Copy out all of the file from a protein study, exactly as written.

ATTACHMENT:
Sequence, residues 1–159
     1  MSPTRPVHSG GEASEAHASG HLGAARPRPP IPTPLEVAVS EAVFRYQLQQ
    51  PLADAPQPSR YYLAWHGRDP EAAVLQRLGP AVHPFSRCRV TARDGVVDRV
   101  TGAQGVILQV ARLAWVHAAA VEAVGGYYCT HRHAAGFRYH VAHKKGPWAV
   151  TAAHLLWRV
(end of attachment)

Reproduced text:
Sequence, residues 1–159
     1  MSPTRPVHSG GEASEAHASG HLGAARPRPP IPTPLEVAVS EAVFRYQLQQ
    51  PLADAPQPSR YYLAWHGRDP EAAVLQRLGP AVHPFSRCRV TARDGVVDRV
   101  TGAQGVILQV ARLAWVHAAA VEAVGGYYCT HRHAAGFRYH VAHKKGPWAV
   151  TAAHLLWRV